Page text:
Digital Transformation and the death of display advertising

Are you finding that as digital grows, a lot of the content you’re producing for online isn’t going into the print magazine?

Yes. There’s a lot of overly developed content which is digital only and even more that is specifically designed for social.

Social Strategy is really important, and it’s mainly led by video content which pushes back to an accompanying article on the website. Then we also have social only projects such as Facebook Live, which is exclusive to that channel and won’t be featured anywhere else; it needs to be seen when it’s there or it’s simply just gone.

This concept of expiring content is quite popular at the moment. One minute it’s there and the next it’s gone. Look at Snapchat as an example, you only have 24-48 hours for your audience to see and interact with what you’re producing. It creates this feeling with users that it’s their only chance to see it, it’s almost like an exclusive club where you go to get it and then it’s gone.

Have you ventured into that ‘exclusive content’ quite a bit?

We’ve done quite a lot with Instagram, especially with events, Snapchat and we’ve also worked really closely with Facebook HQ to develop new ways of talking to different audiences. You have to remember that the GQ audience is so broad. We have subscribers who have been with us for 20 years + who are now in their mid-fifties to sixties then on the other end of the spectrum, we have 14-16 year old boys on the website looking at everything from cars to travel to style, and of course there’s also women in our audience.

The times of lad mags are over, guys aren’t interested in the magazine covers featuring women – they have all of this online. Mindset has really shifted and both men and women want something a bit deeper with more of a narrative behind it. That’s why video led content is so important because most people won’t necessarily read the long form feature online.

What trends are you noticing this year when it comes to content, especially in the publishing world.

Like I mentioned video content is huge, for us desktop traffic is 20% and mobile content is 80%. So everything we do, we keep in mind that it needs to be visible on a mobile or tablet. I don’t think most people look at brand websites at work, they do however, consume a lot of our content on the way to work/on the way home and during their lunch break, that’s why we also have the app.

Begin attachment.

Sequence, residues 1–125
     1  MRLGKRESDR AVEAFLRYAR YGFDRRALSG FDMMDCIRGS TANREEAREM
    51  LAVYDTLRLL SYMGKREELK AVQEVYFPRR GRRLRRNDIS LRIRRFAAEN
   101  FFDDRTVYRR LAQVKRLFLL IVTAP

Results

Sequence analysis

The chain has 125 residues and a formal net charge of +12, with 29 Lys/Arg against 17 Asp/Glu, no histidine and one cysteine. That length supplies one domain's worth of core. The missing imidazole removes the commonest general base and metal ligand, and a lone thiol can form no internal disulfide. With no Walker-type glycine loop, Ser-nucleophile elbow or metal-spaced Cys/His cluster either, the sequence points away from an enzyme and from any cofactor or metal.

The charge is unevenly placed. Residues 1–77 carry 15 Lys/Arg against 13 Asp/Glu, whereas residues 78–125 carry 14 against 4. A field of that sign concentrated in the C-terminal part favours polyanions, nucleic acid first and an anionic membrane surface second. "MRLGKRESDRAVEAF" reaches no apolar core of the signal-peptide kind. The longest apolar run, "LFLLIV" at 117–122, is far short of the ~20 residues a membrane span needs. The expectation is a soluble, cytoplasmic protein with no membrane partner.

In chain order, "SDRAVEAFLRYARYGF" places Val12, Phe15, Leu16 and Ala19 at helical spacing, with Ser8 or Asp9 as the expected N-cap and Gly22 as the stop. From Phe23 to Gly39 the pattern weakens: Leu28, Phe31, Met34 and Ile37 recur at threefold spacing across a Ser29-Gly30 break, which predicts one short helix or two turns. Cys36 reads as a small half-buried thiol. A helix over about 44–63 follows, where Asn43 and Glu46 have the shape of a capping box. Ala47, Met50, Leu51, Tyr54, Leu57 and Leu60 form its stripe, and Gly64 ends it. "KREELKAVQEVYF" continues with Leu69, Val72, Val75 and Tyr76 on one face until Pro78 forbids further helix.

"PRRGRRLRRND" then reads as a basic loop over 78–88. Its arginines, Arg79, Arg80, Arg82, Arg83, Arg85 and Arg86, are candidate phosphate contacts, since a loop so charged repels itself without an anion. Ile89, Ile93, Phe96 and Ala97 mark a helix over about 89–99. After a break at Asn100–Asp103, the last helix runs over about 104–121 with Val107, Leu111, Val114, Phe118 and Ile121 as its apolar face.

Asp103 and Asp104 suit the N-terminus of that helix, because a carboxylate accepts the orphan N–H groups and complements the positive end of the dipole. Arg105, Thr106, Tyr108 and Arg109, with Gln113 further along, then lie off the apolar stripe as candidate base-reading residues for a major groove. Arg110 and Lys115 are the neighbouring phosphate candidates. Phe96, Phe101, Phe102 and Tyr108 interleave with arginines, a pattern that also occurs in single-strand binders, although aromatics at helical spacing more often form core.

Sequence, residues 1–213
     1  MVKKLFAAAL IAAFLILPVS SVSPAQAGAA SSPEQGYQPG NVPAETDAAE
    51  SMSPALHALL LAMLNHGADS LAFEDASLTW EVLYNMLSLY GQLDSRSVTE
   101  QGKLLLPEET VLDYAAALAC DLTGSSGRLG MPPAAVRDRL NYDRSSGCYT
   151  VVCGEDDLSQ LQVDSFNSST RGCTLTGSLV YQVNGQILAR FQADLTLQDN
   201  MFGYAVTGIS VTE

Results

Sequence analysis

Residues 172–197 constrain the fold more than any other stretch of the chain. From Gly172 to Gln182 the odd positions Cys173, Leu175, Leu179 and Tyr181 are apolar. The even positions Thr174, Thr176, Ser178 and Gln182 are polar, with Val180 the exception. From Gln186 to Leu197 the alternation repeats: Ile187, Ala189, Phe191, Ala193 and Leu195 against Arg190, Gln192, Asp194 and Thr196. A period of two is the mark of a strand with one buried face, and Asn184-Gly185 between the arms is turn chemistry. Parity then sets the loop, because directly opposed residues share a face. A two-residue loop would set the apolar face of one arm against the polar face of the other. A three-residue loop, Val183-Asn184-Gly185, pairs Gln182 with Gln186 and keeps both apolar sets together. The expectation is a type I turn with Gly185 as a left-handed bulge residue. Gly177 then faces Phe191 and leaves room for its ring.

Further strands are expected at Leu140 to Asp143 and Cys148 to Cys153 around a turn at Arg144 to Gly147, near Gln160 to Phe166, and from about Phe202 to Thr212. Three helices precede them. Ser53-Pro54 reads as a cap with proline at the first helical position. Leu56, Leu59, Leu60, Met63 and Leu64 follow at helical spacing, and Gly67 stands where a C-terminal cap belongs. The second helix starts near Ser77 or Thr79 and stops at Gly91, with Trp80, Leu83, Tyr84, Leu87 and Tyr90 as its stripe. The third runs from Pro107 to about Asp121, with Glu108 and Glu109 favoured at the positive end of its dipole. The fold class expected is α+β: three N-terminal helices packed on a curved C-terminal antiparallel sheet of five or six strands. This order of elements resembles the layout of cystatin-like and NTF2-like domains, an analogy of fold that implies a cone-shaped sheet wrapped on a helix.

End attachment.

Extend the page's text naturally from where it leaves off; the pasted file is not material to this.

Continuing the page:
There’s a bit of a retro vibe coming back. Podcasts are really popular whereas before I was always like podcasts? It’s a bit like listening to the radio but people are really into them so obviously we started doing that too.

Also events – not just celebrity events - consumer events are increasingly popular especially amongst brands because they want to target that younger audience and entry level consumer but in a way that gives them direct contact with them. So, in-store events, consumer focused parties or data capture competitions work really well.

Looking at digital transformation from a hiring perspective, are you finding that the people you’re hiring tend to be more print focused?

I think people need to be a lot more flexible and work in a much more instant way. With print you’ve got long lead times, deadlines and dates you can’t miss; everything is quite set ahead of you and clients know what you’re doing. Whereas with digital it’s a bit more of an intense turnaround, brands want it last week!

Things like a ten minute long video, really in-depth and they will want it live like yesterday. So that’s they type of people we’re hiring, people who are much more flexible and a bit more rowdy – especially when it comes to sales. Those people need to understand everything digital; they need to understand production and what goes into a video because you can’t sell a video unless you know how to make it. Who the good videographers are, what the sound person is there for, how you grade the video etc.